Individual Beef Wellington with Gorgonzola Cream Sauce
2 Beef Filet Mignon Steaks
3/4 lb to 1 lb mixed exotic mushrooms such as Shiitakes, Trumpet Royale, Maitake, Oyster, Forest Naimeko (or more common ones like white, crimini or portobello)
1 large shallot (equal to 1/4 cup when minced)
3 garlic cloves
1 tsp finely minced thyme leaves (from a small bunch)
1 tbs finely chopped Italian (flat leaf) parsley
pinch of hot pepper flakes (or more if you like heat)
1/2 tsp fresh lemon juice
4 slices of Prosciutto
1 sheet of Puff Pastry (preferably Pepperidge Farm) defrosted overnight in fridge or for 40 minutes on the counter
1 egg, beaten slightly with 1 tsp of water
For the Gorgonzola Sauce:
1 cup heavy cream
2 oz crumbly Gorgonzola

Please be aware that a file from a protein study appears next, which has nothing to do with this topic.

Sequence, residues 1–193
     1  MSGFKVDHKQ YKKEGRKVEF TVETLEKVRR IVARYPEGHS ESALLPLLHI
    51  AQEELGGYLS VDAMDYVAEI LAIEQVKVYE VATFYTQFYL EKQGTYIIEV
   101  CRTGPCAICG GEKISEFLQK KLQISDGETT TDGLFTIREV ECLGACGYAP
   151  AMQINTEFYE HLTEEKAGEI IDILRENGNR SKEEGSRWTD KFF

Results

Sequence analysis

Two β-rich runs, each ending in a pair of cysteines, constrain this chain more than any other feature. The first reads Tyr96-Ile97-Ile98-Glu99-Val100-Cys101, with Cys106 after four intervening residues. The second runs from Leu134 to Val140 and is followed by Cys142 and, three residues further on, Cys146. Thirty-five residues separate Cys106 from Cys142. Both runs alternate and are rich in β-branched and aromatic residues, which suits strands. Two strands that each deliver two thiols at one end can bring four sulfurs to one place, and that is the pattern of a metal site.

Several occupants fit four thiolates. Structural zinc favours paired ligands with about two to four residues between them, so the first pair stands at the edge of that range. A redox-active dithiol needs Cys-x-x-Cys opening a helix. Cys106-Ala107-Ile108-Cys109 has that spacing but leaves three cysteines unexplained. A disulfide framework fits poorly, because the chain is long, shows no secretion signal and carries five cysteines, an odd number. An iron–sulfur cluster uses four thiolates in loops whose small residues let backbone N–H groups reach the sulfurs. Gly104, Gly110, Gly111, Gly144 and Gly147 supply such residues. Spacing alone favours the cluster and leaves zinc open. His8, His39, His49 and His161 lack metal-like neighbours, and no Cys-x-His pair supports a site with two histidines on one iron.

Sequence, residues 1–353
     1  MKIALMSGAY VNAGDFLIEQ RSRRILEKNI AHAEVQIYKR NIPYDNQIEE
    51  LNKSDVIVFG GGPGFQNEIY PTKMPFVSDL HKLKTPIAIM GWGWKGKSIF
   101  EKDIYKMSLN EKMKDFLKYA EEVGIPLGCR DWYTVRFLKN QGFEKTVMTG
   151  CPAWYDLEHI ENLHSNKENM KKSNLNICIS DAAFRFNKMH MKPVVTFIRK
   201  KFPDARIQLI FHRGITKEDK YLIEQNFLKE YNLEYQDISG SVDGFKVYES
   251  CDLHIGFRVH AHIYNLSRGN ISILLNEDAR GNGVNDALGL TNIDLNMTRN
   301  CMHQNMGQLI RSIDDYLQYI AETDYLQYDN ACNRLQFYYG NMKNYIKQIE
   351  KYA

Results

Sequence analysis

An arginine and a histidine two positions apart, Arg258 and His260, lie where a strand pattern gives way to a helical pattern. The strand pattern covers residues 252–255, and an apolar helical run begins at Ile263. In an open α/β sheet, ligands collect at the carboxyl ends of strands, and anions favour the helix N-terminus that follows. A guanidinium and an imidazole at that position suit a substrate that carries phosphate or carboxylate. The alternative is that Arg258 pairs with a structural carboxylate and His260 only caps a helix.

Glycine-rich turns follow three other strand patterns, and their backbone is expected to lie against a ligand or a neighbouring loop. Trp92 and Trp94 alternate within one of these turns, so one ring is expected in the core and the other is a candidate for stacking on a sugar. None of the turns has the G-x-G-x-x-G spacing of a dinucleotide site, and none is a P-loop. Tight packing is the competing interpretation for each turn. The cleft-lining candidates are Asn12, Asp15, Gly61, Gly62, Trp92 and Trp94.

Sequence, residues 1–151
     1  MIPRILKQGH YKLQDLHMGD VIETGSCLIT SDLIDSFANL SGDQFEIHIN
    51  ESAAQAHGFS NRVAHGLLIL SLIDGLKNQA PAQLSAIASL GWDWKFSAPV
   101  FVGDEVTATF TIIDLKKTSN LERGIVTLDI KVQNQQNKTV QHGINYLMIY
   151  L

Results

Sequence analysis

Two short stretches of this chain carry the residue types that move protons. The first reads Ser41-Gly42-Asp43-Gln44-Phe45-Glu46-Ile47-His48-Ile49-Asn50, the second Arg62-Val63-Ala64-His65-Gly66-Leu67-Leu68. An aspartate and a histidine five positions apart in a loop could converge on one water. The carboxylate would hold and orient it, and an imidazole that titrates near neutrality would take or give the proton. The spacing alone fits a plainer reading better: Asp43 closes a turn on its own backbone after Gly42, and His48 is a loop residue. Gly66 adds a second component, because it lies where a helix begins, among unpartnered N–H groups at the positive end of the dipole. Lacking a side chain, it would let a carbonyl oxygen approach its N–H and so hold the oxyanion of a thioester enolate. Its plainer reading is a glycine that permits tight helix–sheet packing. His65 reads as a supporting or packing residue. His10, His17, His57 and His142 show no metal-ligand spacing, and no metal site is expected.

2 tbs grated parmesan
2 sprigs of thyme
1 tbs minced parsley
freshly ground black pepper (1/4 to 1/2 tsp, depending on how much you like pepper)
kosher salt to taste
Remove the Filet Mignons from the fridge a half hour before cooking and let them stand at room temperature. Season the fillets with kosher salt and freshly ground black pepper (about 3/4 tsp kosher salt and 1/2 tsp black pepper). Try to season them evenly, getting the sides as well.
Heat 1 tbs of olive oil in a heavy bottom pan (preferably cast iron) over medium high heat until just smoking. Add the filets and sear for no more than a minute on each side. You're just looking to get the brown crust, which gives the meat so much flavor. Leave them very rare, as they will have plenty of time to cook in the puff pastry. Remove the fillets from pan, turn off heat temporarily and set aside.
Wipe the mushrooms with a damp paper towel. You don't want to wash them because they will absorb the moisture and make the puff pastry soggy. Finely chop the mushrooms into uniform pieces.